Despite Much Turmoil, Traffic And Sales Improved In Most Global Foodservice Markets Third Quarter

In spite of much economic and social disruption, foodservice activity improved moderately in most of the major world markets in the third quarter 2016, compared to the same quarter in 2015, reported The NPD Group. The Rosemont, Ill., research group tracks consumer foodservice activity in 12 markets around the world, and has just added South Korea as the 13th.

Traffic rose or at least was flat during the third quarter in all the developed European, Asian and North American markets except for the U.S., which saw visits decline by 1%. Traffic was especially strong in Australia, and posted good gains in Germany and Spain, as economic outlooks improved. Post-Brexit, traffic growth in the United Kingdom slowed but remained positive. Traffic was flat in France, which saw another terror attack, and Italy, which suffered an earthquake. Moderate economic improvement in Japan helped boost visits. And Canada, which suffered its largest decline in gross domestic product since 2009 in the first half of 2016, still saw a gain in traffic third quarter.

The developing markets faired much less well. Brazil, racked by political turmoil and two years of recession, saw restaurant visits fall 7%, while high inflation boosted sales 3.6%. Traffic fell again in Russia, by 3% in the third quarter. Inflation was also a factor in a 1% traffic decline in China, after several quarters of traffic gains.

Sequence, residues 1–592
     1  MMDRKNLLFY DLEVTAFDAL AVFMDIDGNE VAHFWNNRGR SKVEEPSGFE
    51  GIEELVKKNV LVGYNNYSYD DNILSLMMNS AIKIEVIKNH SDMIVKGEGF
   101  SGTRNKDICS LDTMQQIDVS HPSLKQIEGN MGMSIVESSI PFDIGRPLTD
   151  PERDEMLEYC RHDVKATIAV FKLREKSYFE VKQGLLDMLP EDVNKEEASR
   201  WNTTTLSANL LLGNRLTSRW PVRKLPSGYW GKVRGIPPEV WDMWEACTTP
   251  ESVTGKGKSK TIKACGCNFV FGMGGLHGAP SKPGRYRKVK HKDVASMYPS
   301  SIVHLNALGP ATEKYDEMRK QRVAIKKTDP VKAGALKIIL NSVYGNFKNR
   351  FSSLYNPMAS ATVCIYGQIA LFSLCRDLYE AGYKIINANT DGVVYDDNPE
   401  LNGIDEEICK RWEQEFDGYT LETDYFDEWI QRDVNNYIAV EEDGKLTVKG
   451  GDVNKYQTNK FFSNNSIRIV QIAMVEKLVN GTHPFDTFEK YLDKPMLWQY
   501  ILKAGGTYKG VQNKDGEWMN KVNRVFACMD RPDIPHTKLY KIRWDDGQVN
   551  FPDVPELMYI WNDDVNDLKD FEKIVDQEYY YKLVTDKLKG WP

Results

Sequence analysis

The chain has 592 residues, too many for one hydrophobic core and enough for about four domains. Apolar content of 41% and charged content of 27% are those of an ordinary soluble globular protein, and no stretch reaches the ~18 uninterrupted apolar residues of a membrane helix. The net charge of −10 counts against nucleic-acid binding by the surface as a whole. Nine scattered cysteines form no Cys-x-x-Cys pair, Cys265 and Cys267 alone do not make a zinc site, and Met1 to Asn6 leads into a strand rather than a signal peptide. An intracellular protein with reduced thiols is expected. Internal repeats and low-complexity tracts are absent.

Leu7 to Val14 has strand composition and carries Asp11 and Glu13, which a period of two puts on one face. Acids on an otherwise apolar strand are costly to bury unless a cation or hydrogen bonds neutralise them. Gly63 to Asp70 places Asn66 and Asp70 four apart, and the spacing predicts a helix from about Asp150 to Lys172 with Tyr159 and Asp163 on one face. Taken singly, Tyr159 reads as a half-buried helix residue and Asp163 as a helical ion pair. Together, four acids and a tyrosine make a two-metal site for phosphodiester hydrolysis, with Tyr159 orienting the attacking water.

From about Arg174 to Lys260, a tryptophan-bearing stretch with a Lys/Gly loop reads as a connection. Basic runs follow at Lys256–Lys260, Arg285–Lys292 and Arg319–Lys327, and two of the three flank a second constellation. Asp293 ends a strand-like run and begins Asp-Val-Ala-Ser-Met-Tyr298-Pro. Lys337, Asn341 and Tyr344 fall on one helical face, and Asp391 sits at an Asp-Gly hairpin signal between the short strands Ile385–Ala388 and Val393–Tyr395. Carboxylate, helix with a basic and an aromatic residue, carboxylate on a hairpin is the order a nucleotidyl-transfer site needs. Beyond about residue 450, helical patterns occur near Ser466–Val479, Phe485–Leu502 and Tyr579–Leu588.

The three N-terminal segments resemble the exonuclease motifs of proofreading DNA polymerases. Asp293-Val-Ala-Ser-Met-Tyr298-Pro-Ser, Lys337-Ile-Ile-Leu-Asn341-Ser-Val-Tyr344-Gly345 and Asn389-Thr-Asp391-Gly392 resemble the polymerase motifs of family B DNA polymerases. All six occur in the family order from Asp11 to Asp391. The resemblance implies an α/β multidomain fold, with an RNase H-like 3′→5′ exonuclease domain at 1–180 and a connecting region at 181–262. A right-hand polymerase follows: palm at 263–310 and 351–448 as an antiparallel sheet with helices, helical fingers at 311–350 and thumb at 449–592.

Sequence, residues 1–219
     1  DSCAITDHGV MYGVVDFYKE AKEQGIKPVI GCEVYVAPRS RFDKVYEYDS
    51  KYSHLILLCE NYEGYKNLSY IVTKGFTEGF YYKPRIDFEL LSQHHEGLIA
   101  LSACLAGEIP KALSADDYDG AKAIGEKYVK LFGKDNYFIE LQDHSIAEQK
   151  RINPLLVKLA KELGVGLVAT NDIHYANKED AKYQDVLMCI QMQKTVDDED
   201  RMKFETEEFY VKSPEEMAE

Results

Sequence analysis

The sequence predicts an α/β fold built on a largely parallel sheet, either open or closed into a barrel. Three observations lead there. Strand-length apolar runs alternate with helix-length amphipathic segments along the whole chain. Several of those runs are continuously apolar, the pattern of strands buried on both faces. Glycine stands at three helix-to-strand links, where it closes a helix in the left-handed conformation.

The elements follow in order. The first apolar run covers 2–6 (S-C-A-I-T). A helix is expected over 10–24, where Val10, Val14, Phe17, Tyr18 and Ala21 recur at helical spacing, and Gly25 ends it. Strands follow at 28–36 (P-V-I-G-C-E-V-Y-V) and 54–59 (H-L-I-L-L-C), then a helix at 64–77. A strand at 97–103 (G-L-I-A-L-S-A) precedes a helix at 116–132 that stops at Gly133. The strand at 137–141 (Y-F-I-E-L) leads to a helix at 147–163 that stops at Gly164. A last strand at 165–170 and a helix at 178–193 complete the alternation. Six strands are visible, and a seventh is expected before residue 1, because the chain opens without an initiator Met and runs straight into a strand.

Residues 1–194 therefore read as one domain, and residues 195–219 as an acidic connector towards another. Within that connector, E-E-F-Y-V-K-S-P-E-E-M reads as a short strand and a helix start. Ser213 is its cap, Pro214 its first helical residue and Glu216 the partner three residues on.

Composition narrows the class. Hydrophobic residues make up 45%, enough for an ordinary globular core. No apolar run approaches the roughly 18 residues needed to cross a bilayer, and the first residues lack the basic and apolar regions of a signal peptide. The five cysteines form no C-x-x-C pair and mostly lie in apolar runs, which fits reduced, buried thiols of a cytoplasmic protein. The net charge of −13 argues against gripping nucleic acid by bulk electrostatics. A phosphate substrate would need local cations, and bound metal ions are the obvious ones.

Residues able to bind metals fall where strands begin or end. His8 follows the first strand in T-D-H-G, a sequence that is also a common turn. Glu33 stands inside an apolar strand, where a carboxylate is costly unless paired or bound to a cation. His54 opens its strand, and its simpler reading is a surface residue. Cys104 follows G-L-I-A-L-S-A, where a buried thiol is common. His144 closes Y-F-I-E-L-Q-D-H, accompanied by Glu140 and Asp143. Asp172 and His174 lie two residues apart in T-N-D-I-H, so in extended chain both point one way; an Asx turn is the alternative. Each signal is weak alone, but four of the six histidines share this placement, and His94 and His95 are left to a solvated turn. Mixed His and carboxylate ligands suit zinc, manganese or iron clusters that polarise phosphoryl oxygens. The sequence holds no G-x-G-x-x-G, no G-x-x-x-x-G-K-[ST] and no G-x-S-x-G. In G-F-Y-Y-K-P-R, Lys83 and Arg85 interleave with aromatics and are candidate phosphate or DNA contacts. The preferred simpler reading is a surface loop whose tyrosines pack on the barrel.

Visits to quick-service concepts drove the increases in Europe in the quarter, through Spain and Germany both saw increases across all segments, as did Australia. Japan’s dominant retail foodservice segment propped up growth there. The UK, which had been seeing growth of both full- and quick-service, saw trading down in the quarter. Both QSR and FSR were negative in the U.S.

“Despite economic and social turmoil, things were a little better for the global foodservice market in the third quarter,” said Bob O’Brien, NPD’s senior v.p.-global foodservice. “It really comes down to the fact that the foodservice marketplace around the world continues to meet its consumers’ needs, whether it be convenience, the social experience or simply to eat.”


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